Cameron told to expect resignations over EU vote
UK Prime Minister David Cameron was warned Monday that some of his ministers would likely resign after he demanded his cabinet back any deal he struck on EU reform and vote to stay in the bloc in a forthcoming referendum.
Cameron made the comments after a group of more than 50 lawmakers from his Conservative party said they would lead calls for the UK to leave the European Union unless he secures major concessions from Brussels.
“If you want to be part of the government you have to take the view that we are engaged in an exercise of renegotiation to have a referendum and that will lead to a successful outcome,” Cameron said at the G-7 summit.
“Everyone in government has signed up to the program set out in the Conservative manifesto,” he added, in comments reported by the British media.
Cameron has pledged to campaign for Britain to remain in the EU after renegotiating the country’s ties with the bloc ahead of the vote, planned by 2017.
“The government isn’t neutral in this. We have a clear view: renegotiate, get a deal that’s in Britain’s interest and then recommend Britain stays in it,” he said Sunday.
But Cameron is vulnerable to resistance from the euroskeptic wing of his Conservative party, which has only a slim majority in parliament.
A newly formed group, Conservatives for Britain, which looks set to lead calls to leave the EU, is said to have the support of at least 50 Tory lawmakers so far.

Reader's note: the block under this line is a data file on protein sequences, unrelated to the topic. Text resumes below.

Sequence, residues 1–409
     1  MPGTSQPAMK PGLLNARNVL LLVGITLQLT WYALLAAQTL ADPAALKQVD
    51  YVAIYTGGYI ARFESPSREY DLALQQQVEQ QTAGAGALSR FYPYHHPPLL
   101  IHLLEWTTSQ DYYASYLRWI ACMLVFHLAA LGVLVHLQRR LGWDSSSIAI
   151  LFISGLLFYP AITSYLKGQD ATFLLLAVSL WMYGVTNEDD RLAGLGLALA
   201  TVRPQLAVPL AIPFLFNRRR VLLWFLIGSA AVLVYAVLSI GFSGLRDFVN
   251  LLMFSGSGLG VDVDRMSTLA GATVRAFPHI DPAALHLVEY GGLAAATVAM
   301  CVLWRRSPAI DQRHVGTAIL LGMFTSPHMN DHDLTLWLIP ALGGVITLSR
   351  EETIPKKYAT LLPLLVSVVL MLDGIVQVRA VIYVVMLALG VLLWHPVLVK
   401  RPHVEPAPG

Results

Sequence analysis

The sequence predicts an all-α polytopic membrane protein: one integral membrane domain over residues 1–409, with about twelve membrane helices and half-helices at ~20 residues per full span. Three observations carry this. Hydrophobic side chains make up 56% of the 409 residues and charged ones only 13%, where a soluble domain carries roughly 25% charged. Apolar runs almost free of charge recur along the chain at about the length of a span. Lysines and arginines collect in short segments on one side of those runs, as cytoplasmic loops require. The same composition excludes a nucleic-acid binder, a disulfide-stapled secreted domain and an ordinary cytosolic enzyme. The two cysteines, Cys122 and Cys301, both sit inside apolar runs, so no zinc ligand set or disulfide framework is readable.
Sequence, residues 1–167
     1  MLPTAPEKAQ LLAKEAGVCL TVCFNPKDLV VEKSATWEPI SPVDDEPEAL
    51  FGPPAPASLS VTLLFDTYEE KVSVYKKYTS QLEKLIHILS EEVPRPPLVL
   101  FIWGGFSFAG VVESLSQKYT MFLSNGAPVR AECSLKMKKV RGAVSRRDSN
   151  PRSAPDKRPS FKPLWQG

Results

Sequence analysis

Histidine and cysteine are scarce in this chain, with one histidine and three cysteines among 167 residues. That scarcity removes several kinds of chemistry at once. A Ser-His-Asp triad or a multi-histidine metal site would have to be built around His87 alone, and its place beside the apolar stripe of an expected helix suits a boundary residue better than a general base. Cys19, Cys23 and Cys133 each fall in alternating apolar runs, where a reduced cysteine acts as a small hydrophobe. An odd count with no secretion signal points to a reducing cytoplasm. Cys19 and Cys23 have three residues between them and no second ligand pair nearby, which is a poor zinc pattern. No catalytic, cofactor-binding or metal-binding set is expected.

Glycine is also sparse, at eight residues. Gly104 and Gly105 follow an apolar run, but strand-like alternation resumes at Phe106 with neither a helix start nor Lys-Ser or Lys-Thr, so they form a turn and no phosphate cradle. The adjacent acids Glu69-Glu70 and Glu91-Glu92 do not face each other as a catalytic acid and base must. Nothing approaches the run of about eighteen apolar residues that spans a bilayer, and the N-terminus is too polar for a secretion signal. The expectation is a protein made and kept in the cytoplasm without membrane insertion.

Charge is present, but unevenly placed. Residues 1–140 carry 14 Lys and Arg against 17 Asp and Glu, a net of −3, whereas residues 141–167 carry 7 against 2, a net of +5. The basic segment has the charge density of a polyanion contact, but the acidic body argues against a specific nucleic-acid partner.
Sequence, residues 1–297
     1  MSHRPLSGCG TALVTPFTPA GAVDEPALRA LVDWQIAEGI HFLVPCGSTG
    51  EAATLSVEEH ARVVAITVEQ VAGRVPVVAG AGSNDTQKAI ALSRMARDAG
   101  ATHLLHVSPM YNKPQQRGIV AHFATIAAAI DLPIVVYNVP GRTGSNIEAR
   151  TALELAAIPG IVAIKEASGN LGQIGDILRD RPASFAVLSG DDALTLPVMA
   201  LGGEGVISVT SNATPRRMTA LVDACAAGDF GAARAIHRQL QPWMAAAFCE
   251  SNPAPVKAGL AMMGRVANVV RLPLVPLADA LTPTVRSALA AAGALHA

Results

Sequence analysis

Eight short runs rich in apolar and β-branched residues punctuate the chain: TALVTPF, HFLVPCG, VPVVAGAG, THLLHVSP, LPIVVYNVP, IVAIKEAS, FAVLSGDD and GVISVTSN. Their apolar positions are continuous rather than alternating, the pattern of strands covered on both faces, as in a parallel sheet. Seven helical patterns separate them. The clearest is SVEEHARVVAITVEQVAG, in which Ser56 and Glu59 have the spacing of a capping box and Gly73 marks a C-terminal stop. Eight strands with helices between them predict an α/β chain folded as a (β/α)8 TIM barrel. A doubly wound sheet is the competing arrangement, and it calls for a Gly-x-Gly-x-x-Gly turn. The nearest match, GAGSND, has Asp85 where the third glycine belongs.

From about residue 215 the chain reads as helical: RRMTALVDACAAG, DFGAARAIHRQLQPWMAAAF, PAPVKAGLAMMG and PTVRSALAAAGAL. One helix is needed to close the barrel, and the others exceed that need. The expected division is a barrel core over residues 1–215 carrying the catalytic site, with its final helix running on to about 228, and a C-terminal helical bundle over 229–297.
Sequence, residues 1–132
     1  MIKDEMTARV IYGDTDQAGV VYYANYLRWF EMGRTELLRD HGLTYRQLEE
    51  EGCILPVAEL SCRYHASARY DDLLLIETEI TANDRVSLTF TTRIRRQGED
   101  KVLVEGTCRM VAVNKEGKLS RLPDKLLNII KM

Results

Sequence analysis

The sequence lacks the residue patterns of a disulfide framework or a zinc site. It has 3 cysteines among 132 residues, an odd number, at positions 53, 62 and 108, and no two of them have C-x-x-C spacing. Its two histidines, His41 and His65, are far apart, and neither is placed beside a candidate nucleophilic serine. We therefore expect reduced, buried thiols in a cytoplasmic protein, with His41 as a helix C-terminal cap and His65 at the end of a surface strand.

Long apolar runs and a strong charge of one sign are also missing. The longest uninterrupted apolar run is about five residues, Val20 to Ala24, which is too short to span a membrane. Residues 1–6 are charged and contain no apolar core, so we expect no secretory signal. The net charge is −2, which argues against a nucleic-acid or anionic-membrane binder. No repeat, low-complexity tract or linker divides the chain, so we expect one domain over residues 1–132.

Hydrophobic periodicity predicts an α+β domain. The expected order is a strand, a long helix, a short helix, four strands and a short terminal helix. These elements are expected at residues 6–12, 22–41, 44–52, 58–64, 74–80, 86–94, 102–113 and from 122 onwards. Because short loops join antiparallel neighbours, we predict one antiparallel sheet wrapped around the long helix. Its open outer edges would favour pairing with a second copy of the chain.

Its chairman in parliament, lawmaker Steve Baker, said he expected some ministers would resign rather than campaign in favor of staying the European Union.
“If we don’t get a sovereign parliament, I would be quite surprised if one or two don’t resign. But that really is a matter for them,” he told BBC radio.
Another Tory MP, former Europe Minister David Davis, also predicted resignations, saying Cameron’s position was “rather unwise.”
“It’s pretty plain — there’s not much room to interpret — that anybody who is going to vote against and campaign against continued membership of the European Union would have to leave government,” he told the broadcaster.
Davis said this was “something of a change from what was presumed right up to the election (last month) and, in my view, a rather unwise change.”
Since his re- election l ast month Cameron has pressed ahead on securing reforms, undertaking a whirlwind tour of European capitals to seek support for changes such as making it harder for EU migrants to claim benefits in Britain.